Contemporaneously, the Play Safety Forum, a group of the main national organisations in England with an interest in safety and children’s play,¹ published an important pamphlet called ‘Managing risk in play provision’ (Play...

  10. FIVE Children’s perceptions of risk on the road
    (pp. 77-94)
    Kenneth Lupton and Mariana Bayley

    It seems a fundamental right that children and young people should be able to move about safely on our streets, yet, in 2002, 144 children aged between five and 16 years were killed on Britain’s roads and 3,950 were seriously injured. Deaths from road accidents represent 11% of all deaths and are the largest single cause of accidental death among schoolchildren. In recent years, in Britain, the number of deaths per head of population among child pedestrians has not compared favourably with other similar northern European countries, such as France or Germany (DfT, 2003). On the other hand, Britain has...

  11. SIX New technology and the legal implications for child protection
    (pp. 95-112)
    Alan S. Reid

    Electronic communication is a modern, pervasive phenomenon, enabling anyone to work, play and communicate 24 hours a day. Third generation mobile phones, combined with digital media convergence, has enabled the fixed internet to break free from the physical confines of the desktop to become truly wireless and portable.

    This interactive, interconnected and instantaneous world promises immense societal benefits for young people. They can play virtual games, interact socially to define, refine and express preferences and learn about the world around them, enhancing their personal development. Mobile phone and internet use is ubiquitous among young people, with instant messaging and texting...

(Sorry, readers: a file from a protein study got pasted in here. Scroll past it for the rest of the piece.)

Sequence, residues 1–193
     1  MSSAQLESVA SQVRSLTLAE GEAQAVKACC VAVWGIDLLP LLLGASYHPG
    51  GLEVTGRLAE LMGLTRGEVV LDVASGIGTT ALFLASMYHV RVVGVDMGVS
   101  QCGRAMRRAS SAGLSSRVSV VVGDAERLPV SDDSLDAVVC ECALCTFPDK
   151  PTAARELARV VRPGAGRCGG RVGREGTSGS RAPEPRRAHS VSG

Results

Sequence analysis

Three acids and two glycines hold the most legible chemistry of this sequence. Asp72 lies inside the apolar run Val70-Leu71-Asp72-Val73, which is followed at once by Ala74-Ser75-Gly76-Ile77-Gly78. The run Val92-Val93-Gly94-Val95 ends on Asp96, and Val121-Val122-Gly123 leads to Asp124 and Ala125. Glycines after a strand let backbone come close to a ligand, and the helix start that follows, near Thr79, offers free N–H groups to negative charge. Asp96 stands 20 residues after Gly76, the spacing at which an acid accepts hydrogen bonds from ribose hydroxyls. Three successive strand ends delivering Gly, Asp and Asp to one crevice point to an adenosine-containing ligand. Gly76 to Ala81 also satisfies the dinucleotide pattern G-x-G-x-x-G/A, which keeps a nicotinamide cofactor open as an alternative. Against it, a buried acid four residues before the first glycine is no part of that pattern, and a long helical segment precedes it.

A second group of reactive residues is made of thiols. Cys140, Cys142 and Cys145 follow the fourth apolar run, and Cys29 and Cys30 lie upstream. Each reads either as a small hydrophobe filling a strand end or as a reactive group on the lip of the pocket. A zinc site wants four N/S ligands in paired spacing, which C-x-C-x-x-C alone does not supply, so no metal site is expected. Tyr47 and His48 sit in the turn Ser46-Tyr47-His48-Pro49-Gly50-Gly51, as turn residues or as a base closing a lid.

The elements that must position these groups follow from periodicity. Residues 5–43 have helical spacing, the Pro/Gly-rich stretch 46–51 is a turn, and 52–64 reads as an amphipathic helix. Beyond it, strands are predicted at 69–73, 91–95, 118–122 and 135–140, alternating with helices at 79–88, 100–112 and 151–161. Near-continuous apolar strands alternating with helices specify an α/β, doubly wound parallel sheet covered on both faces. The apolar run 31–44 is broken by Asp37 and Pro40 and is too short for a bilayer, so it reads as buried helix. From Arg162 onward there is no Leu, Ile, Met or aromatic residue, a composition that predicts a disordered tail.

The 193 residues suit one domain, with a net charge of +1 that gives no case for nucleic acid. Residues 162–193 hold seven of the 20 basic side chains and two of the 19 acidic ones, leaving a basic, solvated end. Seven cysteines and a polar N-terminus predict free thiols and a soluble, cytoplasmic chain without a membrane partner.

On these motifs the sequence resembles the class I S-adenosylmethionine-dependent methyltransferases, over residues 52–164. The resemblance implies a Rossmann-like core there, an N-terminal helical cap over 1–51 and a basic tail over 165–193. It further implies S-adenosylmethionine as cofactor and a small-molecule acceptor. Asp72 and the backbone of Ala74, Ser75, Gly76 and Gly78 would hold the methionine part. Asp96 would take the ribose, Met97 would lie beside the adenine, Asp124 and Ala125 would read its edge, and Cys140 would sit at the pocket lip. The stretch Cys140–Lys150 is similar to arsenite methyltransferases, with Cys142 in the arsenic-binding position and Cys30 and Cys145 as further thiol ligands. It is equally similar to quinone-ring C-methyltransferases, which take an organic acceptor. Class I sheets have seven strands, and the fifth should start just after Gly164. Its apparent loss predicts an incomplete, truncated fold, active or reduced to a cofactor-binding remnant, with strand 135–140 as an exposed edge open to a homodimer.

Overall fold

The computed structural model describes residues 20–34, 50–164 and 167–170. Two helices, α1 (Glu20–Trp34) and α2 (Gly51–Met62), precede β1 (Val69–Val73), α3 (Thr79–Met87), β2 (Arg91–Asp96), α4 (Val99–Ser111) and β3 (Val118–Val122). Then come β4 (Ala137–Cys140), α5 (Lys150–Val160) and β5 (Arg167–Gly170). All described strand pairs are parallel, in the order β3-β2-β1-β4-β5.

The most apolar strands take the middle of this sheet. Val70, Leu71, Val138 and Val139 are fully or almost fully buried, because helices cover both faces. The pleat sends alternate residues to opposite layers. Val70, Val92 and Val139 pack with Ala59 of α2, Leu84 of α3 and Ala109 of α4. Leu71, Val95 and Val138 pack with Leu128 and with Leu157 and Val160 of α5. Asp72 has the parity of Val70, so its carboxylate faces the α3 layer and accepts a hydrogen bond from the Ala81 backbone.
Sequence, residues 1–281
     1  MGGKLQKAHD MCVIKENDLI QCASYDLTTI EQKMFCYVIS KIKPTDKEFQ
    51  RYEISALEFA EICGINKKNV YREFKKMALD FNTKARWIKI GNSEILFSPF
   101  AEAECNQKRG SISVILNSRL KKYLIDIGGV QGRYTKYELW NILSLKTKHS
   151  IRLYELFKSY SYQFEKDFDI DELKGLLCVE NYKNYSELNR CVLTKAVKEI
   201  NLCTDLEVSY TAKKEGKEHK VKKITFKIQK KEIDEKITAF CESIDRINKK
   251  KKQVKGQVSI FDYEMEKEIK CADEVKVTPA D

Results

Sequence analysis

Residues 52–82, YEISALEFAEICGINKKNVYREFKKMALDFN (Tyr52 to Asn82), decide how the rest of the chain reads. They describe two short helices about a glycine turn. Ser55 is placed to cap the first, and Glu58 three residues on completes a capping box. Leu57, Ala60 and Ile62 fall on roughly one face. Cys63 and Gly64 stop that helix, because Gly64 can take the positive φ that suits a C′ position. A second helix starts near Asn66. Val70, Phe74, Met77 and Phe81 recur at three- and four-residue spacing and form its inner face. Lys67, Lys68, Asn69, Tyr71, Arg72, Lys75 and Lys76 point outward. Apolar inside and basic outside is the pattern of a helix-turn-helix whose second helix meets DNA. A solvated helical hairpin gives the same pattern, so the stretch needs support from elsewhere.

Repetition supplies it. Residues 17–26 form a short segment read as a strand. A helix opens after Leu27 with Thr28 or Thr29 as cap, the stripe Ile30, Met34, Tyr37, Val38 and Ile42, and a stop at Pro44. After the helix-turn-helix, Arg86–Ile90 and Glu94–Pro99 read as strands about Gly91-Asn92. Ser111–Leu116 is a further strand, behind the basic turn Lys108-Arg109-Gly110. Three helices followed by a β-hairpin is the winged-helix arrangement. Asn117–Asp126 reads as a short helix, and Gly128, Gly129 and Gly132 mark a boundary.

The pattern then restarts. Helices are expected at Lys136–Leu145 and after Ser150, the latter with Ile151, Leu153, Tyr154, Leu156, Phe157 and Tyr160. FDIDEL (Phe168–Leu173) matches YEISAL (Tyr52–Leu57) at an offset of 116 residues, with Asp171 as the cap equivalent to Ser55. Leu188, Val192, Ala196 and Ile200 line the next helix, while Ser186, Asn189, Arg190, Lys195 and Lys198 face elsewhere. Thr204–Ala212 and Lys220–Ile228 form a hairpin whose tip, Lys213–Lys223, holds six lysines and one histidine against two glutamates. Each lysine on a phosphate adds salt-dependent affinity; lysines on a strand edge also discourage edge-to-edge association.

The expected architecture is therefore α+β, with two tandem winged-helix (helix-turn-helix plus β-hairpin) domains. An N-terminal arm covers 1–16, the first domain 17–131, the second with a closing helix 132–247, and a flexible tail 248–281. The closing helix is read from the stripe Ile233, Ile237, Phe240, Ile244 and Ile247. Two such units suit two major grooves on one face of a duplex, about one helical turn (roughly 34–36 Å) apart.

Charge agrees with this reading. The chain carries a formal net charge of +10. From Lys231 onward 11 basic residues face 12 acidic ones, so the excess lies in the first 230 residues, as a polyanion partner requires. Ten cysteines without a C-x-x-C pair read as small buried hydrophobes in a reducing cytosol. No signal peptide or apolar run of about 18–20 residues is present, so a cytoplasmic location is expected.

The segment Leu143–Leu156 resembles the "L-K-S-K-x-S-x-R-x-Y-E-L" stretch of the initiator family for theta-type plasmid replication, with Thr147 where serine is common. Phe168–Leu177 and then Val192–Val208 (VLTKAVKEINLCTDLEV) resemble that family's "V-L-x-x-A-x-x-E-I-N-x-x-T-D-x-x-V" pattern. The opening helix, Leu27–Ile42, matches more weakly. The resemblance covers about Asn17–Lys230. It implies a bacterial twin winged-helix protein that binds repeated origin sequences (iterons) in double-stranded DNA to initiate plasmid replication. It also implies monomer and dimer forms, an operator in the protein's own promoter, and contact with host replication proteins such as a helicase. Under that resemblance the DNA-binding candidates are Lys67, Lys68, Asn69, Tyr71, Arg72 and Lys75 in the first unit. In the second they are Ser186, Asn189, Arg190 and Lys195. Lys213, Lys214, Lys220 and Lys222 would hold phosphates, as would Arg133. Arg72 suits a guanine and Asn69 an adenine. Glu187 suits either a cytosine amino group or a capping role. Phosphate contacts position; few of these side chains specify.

12. SEVEN Parenting and risk
    (pp. 113-132)
    Rachel Hek

    This chapter focuses on the ways risk is defined and applied in relation to social work with families. First, policy and practice in relation to child welfare will be considered. This will highlight how risk is viewed and identified by government policy makers and social care service providers. Second, the experiences of families who have been pulled into the child welfare system will be considered through an examination of research that looks at their views — in particular drawing on work carried out by the National Evaluation of the Children’s Fund (NECF). Parents’ and children’s views will be contrasted with those...

  13. EIGHT Meeting the needs of children whose parents have a serious drug problem
    (pp. 133-148)
    Neil McKeganey and Marina Barnard

    For years drug abuse treatment and child protection services in the UK have operated under the belief that drug addiction does not necessarily undermine a parent’s ability to look after their children. As recently as 2003, for example, the Scottish Executive was issuing guidance to services working with addict families saying that ‘parental substance misuse alone is neither a necessary nor a sufficient cause of problems in children’ (Scottish Executive, 2003, p 13). In May 2006 that, rather comforting, view was blown apart when the Justice Minister, the Health Minister and the Education Ministers in Scotland all put their name...

  14. NINE Lives at risk: multiculturalism, young women and ‘honour’ killings
    (pp. 149-164)
    Veena Meetoo and Heidi Safia Mirza

    Following the media coverage of several murders of ethnicised¹ young women, risks associated with gender-related violence in minority ethnic communities in Britain are high on the public and political agenda (Gill, 2003; CPS, 2004). Why are the risks faced by young ethnicised women being highlighted by national and local mainstream agencies now? In this chapter we aim to unpack how risks that some young women face are constructed and heightened in the current climate of risk in relation to multiculturalism and Islamophobia in Britain. We argue that young women from some minority ethnic communities living in the UK are exposed...

  15. TEN Risk embodied? Growing up disabled
    (pp. 165-184)
    Lesley Jordan and Rosemary Sales